My DD was like this very occasionally. Usually when very tired and usually when frustration had boiled over past a point where she could control it herself. Quite often, if I asked her if she needed help to calm down, she'd nod and a five-minute cuddle was all it took. There is definitely a lot to be said for spotting the signs and heading it off before it reaches that point (for our benefit as much as theirs wink).

It's not unusual in a child of this age. You're doing well if she limits them to home. A lot of parenting means accepting undesirable behaviour as normal in your head at the very same time you are outwardly showing that you won't condone it. grin

NoComet Tue 06-Aug-13 10:55:21

Why DD2 got in a strop and DD1 didn't (and at 15 still doesn't) is difficult to say.

Looking from the outside you would think my socially inept, Billy no mates often bullied, dyslexic, scatty, fussy, dippy elder DD1 ought to be the one who found life frustrating.

In fact she is the one who finds adults and consequently parents far easier than her peers, is happy in her own company, doesn't panic in a real emergency and has a deep self confidence.

DD2 is an angel at school, cares deeply what people think of her, had lots of friends. I think at home it was nice to let her guard down and have a jolly good whine.

Also she is very cooperative. She has to do well in lessons and well in sport, she is a dreadful loser at any board game. Clearly she can't strop at school, but by god she can be vile at home.

But most of all she doesn't have DD2s cold self confidence and needs to feel more in control of her world than DD1 does.

NoComet Tue 06-Aug-13 10:56:25

Cooperative = competitive

MrsMelons Tue 06-Aug-13 12:47:52

DS2 is 5 and he still does this, he gets very tired and is unbearable, also when he is tired. It is only ever when he is with me and DH or my mum and dad.

I have to ignore him otherwise it could be anything up to 45 minutes. I did think there was someone odd about it as DS1 had tantrums for about 3 weeks when he was just 2 but nothing really since then but after speaking to friends it is fairly common in infant school age children.

Thepowerof3 Tue 06-Aug-13 17:42:04

It seems to be more tired than hungry with her, most of the time I deal with her ok but it has been practically every morning and my patience is worn to shreds! Just wanted to know if it was normal as that makes me feel a whole lot better

Beastofburden Tue 06-Aug-13 17:55:27

Does she do it at school?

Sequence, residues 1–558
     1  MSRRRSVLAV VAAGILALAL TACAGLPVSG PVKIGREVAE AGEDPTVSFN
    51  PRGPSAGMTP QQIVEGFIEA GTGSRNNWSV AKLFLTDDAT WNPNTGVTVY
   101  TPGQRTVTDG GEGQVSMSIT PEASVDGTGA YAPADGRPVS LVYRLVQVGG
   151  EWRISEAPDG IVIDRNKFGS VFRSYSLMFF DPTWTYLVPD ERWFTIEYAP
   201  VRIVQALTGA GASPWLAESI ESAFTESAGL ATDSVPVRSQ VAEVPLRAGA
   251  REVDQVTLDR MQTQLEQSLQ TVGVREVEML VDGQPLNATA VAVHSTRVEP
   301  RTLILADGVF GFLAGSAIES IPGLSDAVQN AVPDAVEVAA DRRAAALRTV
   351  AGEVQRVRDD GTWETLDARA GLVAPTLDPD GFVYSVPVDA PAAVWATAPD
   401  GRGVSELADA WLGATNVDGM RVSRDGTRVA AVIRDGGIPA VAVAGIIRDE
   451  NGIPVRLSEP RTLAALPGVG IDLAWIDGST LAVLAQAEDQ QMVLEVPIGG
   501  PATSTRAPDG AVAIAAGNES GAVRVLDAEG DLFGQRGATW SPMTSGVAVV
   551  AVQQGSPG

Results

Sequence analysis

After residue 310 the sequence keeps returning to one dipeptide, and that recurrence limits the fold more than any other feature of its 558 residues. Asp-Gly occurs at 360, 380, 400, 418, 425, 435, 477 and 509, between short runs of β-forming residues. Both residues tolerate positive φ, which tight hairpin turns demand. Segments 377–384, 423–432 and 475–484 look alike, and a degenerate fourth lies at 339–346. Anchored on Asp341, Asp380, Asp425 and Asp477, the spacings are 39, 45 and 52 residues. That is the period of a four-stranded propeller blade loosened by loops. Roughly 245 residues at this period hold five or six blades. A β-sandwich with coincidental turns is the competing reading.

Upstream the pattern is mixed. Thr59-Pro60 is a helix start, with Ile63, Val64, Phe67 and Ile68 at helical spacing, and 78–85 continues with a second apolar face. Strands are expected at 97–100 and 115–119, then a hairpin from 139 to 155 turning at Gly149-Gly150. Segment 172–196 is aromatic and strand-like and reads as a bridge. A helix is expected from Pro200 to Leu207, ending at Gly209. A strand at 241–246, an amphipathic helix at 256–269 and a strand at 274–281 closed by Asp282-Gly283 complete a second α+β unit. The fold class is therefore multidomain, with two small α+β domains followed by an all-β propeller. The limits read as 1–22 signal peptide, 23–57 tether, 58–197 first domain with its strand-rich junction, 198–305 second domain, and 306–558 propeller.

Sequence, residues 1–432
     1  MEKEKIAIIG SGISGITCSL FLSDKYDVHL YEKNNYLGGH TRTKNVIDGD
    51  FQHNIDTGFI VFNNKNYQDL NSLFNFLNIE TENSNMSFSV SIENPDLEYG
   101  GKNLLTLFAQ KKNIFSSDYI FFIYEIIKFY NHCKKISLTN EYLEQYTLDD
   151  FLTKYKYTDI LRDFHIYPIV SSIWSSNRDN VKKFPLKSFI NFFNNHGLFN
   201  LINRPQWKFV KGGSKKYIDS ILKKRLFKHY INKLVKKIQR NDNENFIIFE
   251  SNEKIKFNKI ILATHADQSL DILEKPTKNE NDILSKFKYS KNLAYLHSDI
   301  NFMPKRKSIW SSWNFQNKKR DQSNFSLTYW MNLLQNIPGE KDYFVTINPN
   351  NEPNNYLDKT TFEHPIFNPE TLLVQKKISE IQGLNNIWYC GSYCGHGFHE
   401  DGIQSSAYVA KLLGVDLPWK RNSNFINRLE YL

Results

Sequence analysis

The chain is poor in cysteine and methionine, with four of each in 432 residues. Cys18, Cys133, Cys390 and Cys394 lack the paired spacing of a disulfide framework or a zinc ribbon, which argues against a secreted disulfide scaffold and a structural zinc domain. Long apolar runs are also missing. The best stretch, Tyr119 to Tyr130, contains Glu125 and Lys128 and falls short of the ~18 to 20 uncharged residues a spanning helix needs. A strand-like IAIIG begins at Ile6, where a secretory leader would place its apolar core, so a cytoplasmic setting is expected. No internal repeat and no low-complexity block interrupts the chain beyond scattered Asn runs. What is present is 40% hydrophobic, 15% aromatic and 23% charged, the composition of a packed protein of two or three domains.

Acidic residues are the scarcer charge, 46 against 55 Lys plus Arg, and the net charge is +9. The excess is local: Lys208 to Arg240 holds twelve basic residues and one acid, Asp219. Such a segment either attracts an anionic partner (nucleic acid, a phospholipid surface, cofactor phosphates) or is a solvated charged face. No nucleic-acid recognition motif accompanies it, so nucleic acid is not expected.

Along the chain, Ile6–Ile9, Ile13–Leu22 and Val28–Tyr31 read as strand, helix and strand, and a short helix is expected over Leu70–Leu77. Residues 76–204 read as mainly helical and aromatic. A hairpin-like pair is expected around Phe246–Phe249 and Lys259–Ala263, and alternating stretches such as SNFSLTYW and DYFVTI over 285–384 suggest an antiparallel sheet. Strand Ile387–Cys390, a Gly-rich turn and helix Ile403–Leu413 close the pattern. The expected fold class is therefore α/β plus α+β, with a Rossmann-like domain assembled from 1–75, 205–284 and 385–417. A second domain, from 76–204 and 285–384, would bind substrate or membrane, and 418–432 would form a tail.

Thepowerof3 Tue 06-Aug-13 17:57:46

No never

spanky2 Tue 06-Aug-13 18:09:41

Yes. Usually shouting and throwing things .sad I say stop it.Help him breathe and count to ten. If that doesn't work I put him in the shower just to have water running down his back . Then rub talcumn powder on him. He finds being stroked calming but it has to be done in a not cuddly way .hmm

spanky2 Tue 06-Aug-13 18:12:13

I always praise him when he calms down in less than about 20minutes .

pyjamaramadrama Tue 06-Aug-13 18:12:24

Ds is 5 and still have mini tantrums.

They usually only last a few seconds/minutes at most.

He can still do it when told no, it's usually stomping feet, shouting 'it's not fair'.I tend to just ignore it or warn him to stop and he does.

spanky2 Tue 06-Aug-13 18:14:33

Starballbunny your two are very similar to mine except I have boys !

NoComet Tue 06-Aug-13 19:28:47

Spanky grin
What I always find slight difficult is the outside world can't see why I find DD2 award work and quirky DD1 far easier.

iamadoozermum Tue 06-Aug-13 19:40:08

My 5 nearly six year old DS2 is like this. I posted on parenting about it last week in fact because it is driving me and DH mad. DS2's trigger is tiredness and he can scream and yell and scream again. He gets very caught up in it and wears himself (and us) out. Cuddles help, but he'll reject the offer at first then say he'd like one.

For those that put them in rooms/on beds - do they ever refuse, if so, what do you do? That's what we've been getting today and short of physically picking him up, I'm not sure what we can do?

BarbarianMum Tue 06-Aug-13 20:04:34

I had (occasional) tantrums until I was 9 or 10 blush

I turned out fine and am quite a calm person now.